[opendtv] U.S. broadcaster gives thumbs up to mobile TV spec

  • From: "Manfredi, Albert E" <albert.e.manfredi@xxxxxxxxxx>
  • To: <opendtv@xxxxxxxxxxxxx>
  • Date: Mon, 10 Nov 2008 10:48:20 -0500

I think this is great. Whether or not this mobile service will take off,
when the various DVB-H ones have reportedly not, is a big questionmark.
But to me, this seems like a really good way to introduce the equivalent
of HM into ATSC, and better yet, to do so with adjustably small impact
on the bandwidth available to the regular SD or HD channels.

John Shutt, you guys lobby to get this into standard receivers, and
you'll be able to cut power for  maintenance work, or whatever, without
having to lose your audience.


U.S. broadcaster gives thumbs up to mobile TV spec
ATSC standard praised for good reception, low cost

Rick Merritt
(11/10/2008 12:01 AM EST)
URL: http://www.eetimes.com/showArticle.jhtml?articleID=212001367

SAN JOSE, Calif. - A large U.S. television broadcaster has announced
good results from recent trials in Chicago and Denver of mobile TV using
a draft standard from the Advanced Television Systems Committee (ATSC).
Ion Media Networks, Inc. said it found it relatively easy to set up two
mobile channels in each city and reception was better than expected.

The Open Mobile Video Coalition (OMVC), an alliance of local and
national TV broadcasters, hopes to see members roll out commercial
mobile TV services late next year. To date mobile TV services using
other technologies have failed to deliver and grow a market among
cellphone, notebook and car video users.

"We are sold on the viability of the [ATSC] service," said Brett
Jenkins, director of technology strategy and development for Ion Media.
"We are very confident this technology will work, and it's viable to put
in consumer's hands," he added.

Ion Media's stations WCPX and KPXC have been multicasting two standard
definition mobile channels since August. LG Electronics and Harris
Corp., whose technology was selected for the ATSC standard, provided
prototype mobile TV receivers and transmission equipment for the tests.

"We are very encouraged by the strong and growing support for mobile DTV
within the U.S. broadcast community, as exemplified by the
groundbreaking trials by Ion Media," said Woo Paik, president and chief
technology officer of LG in a prepared statement.

"We're seeing fantastic reception out to as far as 40 miles from
transmitters, and beyond that we have good transmission outdoors but
it's not consistent indoors," reported Jenkins.

Reception was also good in cars at freeway speeds and indoors within 40
miles of transmitters. "We went into parking garages where there were
three or four levels of concrete above us, and reception was
perfect--that was one of the big technical lessons," said Jenkins.

Spectrum availability was not a problem in the trial. One station in the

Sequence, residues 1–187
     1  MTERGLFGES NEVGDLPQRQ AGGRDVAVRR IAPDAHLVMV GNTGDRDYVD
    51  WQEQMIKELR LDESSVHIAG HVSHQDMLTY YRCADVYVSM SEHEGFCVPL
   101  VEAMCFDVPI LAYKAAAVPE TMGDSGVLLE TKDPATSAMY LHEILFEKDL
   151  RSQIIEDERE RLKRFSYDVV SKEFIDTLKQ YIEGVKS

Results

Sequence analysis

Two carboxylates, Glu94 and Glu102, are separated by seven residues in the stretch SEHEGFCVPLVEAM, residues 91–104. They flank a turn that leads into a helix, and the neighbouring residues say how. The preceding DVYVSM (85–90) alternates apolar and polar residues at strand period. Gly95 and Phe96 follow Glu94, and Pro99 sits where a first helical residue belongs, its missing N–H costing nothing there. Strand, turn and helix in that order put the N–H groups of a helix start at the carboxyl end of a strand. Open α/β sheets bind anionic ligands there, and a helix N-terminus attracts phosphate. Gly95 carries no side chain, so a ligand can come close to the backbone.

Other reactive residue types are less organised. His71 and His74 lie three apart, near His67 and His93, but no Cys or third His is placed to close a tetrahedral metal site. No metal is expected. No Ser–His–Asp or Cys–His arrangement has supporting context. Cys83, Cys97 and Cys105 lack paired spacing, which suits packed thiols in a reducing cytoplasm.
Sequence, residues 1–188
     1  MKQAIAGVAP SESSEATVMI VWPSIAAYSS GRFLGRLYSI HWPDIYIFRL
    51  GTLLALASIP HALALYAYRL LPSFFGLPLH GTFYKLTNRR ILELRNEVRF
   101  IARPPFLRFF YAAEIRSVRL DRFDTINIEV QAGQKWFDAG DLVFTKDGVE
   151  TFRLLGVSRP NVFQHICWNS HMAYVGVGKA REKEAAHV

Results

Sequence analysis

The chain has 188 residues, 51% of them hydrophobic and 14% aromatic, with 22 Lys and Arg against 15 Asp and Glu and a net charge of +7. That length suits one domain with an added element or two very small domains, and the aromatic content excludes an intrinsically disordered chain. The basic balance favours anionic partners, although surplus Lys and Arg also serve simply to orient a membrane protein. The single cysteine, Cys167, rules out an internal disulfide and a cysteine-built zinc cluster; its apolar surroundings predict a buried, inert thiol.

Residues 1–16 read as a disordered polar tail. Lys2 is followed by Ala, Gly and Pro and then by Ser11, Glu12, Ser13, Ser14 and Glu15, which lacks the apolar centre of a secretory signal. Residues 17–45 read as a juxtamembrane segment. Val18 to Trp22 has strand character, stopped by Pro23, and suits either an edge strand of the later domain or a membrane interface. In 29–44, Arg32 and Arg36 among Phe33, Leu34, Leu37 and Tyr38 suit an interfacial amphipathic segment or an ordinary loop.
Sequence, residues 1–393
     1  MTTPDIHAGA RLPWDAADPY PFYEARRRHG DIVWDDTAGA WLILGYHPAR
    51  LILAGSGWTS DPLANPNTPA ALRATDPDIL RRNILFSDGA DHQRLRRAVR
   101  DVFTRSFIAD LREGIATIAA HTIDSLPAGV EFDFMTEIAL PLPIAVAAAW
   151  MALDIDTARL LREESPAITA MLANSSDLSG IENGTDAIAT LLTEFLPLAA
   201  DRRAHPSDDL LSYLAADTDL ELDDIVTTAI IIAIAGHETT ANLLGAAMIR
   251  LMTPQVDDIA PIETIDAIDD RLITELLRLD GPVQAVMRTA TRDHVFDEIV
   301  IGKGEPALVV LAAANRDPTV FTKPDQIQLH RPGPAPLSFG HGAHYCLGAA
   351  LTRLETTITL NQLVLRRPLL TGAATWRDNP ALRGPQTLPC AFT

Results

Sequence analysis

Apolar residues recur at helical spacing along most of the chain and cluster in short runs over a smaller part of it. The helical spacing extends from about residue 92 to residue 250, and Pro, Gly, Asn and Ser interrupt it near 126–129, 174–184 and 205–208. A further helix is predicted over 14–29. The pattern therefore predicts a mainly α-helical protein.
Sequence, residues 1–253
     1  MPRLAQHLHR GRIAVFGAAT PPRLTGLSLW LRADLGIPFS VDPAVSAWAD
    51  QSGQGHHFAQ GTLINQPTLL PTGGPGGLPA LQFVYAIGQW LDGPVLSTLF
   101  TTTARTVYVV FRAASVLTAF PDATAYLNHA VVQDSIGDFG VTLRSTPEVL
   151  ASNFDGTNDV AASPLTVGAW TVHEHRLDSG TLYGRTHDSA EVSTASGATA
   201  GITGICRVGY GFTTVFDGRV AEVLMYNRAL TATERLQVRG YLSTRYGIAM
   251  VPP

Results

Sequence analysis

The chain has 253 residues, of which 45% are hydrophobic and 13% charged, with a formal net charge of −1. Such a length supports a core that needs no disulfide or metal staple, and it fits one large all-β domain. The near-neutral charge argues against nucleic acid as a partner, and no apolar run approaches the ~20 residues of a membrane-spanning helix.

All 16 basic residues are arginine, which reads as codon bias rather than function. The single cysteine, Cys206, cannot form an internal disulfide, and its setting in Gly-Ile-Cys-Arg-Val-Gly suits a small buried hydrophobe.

trial supports an existing high definition terrestrial broadcast,
another supports multiple existing standard def channels.

"It took us just four hours to put the system up in Denver," said
Jenkins. "We plugged the boxes in at the transmitter site, and that
afternoon we were driving around testing it," he added.

Costs were in line with ATSC estimates of about $125,000 for a
two-channel system. "By comparison people looking to set up new networks
in the 700 MHz space will have to spend much more money," Jenkins said.

Ion Media did not attempt to use Internet links to create a back channel
for the mobile TV broadcasts, a job one broadcaster said could generate
significant costs and complexities. The company also did not gather any
market data as part of its tests, something other broadcasters are
expected to do in early 2009.

Users may find mobile TV broadcasts compelling without support for any
Web links, Jenkins said. He said some of the failed experiments in
mobile TV to date have been due to lack of support for local TV

"All the research shows what [mobile] consumers want is to see what's on
their TV at home," Jenkins said.

Ion Media will continue broadcasting its mobile TV channels and is
conducting more tests of indoor reception. "We are not in a position to
announce [commercial] services," said Jenkins.

The target is to have the technology and standard be ready to support
service launches in 2009, said Anne Schelle, executive director of the
OMVC. "This demonstration is another example that broadcasters are
marching toward that goal," she added.

The ATSC plans to formally approve its mobile TV standard on November
25. Chip and systems makers are expected to roll out before the end of
2009 a new generation of products geared for commercial offerings,
replacing the prototype hardware used in current trials and shown at CES
in January.

"You will see at CES devices from automotive manufacturers, but clearly
2009 is when [commercial] devices will get developed," said Schelle.

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